The 2011 version of the Texas Longhorns looks to be quite a bit different from the 2010 form.
A slew of new coaches, fresh philosophies that may re-energize the program, talented youth and a couple of big-time recruits will all impact the team in one way, shape or form.
But after losing to Oklahoma last year in the Red River Rivalry, Texas will be out for vengeance come October 8.
Vast differences on both programs effectively keep the balance of power in check, but only one team will emerge on top.
Here are 10 reasons the Longhorns will rebound and top the Sooners in 2011.
There is youth at virtually every position, and those players will be large contributors to the achievements not just in the Red River Rivalry, but in 2011 altogether.
Despite some of Texas' young guys lacking experience, there is plenty of talent to balance that equation.
Will that determine the result against the Sooners in October?
But this season's underclassmen will be the feature components in the Longhorns' season. How well they do will likely correlate to what kind of campaign Texas has.
Although DeMarco Murray hardly made his presence felt against Texas until 2010, he was still a tremendous athlete and running back. His departure surely subtracts quality from the Sooners' running game.
Three sophomores sit atop Oklahoma's depth chart, so experience in the backfield is a minimum, forcing Landry Jones into more of a one-dimensional offense.
While this may play into the hands of the Sooners' strength, with a star like Ryan Broyles back for his senior year and the rising star in Kenny Stills, the Texas defense should be licking its chops at a chance to rush the passer more frequently.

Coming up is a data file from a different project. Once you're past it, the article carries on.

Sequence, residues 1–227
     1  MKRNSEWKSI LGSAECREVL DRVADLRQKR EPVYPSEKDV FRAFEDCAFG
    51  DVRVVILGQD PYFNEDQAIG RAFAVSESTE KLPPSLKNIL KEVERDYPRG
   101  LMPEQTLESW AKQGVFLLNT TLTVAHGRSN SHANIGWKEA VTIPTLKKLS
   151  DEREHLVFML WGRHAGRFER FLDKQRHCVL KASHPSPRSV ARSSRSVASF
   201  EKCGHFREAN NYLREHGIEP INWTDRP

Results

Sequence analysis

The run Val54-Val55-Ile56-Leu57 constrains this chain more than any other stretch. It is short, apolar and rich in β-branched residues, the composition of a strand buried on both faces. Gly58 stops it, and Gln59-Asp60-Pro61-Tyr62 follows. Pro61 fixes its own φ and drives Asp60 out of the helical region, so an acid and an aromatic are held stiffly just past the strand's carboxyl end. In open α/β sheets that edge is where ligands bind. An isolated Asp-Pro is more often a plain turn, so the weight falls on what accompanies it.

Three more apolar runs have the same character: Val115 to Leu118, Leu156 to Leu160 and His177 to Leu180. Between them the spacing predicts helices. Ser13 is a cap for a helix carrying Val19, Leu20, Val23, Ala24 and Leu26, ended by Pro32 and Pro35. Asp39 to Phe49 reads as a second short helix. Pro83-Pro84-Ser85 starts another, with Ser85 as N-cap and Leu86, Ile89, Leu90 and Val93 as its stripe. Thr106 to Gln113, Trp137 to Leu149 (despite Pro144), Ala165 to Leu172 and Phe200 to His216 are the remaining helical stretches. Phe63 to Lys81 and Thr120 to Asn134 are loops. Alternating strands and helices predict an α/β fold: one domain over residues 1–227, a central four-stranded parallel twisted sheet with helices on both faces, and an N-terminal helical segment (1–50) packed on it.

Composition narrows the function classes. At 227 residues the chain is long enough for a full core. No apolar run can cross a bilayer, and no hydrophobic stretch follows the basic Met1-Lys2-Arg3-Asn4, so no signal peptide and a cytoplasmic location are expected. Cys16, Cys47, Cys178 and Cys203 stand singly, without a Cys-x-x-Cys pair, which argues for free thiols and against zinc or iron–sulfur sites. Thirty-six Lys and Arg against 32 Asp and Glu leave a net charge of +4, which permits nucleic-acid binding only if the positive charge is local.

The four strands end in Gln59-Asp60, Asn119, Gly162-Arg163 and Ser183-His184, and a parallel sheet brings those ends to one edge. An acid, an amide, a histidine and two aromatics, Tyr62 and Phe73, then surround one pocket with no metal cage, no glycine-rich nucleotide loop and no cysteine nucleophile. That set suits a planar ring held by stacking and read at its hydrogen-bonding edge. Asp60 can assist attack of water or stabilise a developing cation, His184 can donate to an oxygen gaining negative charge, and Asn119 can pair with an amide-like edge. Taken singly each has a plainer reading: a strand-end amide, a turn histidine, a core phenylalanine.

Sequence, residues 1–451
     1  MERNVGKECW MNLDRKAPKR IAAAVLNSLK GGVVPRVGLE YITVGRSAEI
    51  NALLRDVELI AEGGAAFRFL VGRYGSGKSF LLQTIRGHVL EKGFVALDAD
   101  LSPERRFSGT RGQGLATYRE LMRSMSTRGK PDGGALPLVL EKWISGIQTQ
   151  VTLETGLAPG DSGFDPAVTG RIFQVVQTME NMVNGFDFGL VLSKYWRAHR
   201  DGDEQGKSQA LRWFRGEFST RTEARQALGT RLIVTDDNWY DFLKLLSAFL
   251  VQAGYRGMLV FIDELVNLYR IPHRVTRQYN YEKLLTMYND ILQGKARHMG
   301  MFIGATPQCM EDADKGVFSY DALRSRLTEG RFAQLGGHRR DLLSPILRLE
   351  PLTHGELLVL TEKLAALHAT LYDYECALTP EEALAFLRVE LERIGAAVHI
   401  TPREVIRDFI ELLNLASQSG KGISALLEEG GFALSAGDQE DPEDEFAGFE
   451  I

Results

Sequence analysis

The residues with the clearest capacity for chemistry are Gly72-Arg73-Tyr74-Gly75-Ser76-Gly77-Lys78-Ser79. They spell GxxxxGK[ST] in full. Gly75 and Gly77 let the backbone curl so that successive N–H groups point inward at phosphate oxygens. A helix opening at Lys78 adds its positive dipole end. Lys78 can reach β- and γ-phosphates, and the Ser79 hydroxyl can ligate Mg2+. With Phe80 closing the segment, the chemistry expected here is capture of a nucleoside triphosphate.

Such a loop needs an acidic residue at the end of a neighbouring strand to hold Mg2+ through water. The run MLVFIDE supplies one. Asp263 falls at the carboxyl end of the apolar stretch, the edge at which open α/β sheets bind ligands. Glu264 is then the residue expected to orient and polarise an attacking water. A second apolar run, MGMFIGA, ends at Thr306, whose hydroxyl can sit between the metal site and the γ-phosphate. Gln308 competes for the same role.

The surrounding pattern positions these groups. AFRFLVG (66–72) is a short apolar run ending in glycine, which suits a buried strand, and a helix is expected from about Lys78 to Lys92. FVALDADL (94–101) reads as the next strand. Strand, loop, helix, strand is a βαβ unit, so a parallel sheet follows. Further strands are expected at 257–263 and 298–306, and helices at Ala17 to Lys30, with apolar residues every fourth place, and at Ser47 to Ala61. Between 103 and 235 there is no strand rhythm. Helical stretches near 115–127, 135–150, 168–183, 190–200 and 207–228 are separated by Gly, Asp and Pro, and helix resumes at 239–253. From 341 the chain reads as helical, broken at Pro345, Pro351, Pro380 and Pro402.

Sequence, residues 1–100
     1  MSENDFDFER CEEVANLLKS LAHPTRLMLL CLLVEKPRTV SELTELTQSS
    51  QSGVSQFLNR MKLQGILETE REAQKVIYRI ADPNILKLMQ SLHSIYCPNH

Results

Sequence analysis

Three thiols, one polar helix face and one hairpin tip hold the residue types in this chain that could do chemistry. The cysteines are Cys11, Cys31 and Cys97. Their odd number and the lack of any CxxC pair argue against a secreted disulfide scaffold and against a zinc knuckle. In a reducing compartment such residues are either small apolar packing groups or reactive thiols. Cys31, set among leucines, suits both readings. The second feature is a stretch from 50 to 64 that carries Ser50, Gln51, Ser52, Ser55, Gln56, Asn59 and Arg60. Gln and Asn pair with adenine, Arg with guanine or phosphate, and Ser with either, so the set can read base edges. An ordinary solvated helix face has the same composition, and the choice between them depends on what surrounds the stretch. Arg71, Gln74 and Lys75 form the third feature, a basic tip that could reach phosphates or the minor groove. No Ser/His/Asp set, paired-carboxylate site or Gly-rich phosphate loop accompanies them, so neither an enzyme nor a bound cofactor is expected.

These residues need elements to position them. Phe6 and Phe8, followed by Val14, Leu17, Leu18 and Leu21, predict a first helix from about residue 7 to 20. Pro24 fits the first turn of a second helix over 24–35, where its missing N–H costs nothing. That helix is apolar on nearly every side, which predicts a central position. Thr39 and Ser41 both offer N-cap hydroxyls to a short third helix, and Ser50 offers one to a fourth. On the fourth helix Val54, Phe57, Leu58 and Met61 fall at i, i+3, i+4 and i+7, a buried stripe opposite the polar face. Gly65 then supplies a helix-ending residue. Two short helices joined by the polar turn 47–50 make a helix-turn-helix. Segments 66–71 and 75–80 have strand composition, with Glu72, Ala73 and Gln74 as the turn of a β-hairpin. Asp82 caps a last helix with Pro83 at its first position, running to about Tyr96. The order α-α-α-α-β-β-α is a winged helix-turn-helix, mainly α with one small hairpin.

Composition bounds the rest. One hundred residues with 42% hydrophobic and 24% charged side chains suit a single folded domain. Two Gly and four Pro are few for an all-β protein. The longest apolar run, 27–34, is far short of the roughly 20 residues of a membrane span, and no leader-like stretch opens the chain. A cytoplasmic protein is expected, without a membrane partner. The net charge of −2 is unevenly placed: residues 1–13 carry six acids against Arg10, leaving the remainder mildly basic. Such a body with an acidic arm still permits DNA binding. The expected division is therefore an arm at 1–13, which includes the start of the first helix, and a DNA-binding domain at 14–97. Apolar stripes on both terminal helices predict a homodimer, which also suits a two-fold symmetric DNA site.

Murray was a workhorse, and he garbled up over 1,200 yards on the ground, got 600 more in the passing game and accounted for 20 total touchdowns.
His departure means the Sooners will have to look elsewhere for another playmaker.
Isaac Newton once said, "For every action, there is an equal and opposite reaction."
In this case, out goes DeMarco Murray, and in comes Malcolm Brown, the top-ranked high school running back in 2011.
Of course, Murray's credentials put him worlds ahead of the 5-star tailback coming into Texas, but Brown's rare combination of size, speed, agility and power make him an immediate threat in the Longhorns' running game.
The 6'0" running back out of Cibolo HS in Steele, Texas, hasn't even stepped foot on campus as a member of the Longhorn program, and he already has most of the fan base jumping with excitement.
Whether the hype is a positive or a negative, Brown's incoming can completely transform Texas' running game.
Not to beat a dead horse, but remember the 2007 Fiesta Bowl that saw Chris Peterson's Boise State offense shock the Sooner's defense via offensive coordinator Bryan Harsin?
That same motion-heavy offense is under construction at Texas, where Harsin has an enormous talent pool to draw from—a wide range of special players he like never had while at Boise State.
If the 'Horns can successfully implement the crazy Harsin playbook, expect Texas' offense to do a complete 180 after last year's stagnant and sideways Greg Davis attack.
With speedsters like Marquise Goodwin, D.J. Monroe and Desean Hales aching to get the ball in space, good things should come of the Longhorns' offense.
Although Will Muschamp brought a fiery defensive philosophy that was aggressive and fed on energy, the former Texas coordinator is back in the SEC.
Part of the overhaul that Mack Brown put together this offseason included one of the bright, young defensive minds in college football in Manny Diaz.
After one year as coordinator at Mississippi State, Diaz transformed the Bulldogs' defensive unit, moving from 71st in scoring defense in 2009 to 22nd in 2010, and from 62nd to 17th in rushing defense.
Diaz will bring a fresh take on in-your-face defense for a unit featuring tons of youth, but a tremendous load of talent at virtually every position.
This Texas program should have a look of a completely different team when the season begins in the fall.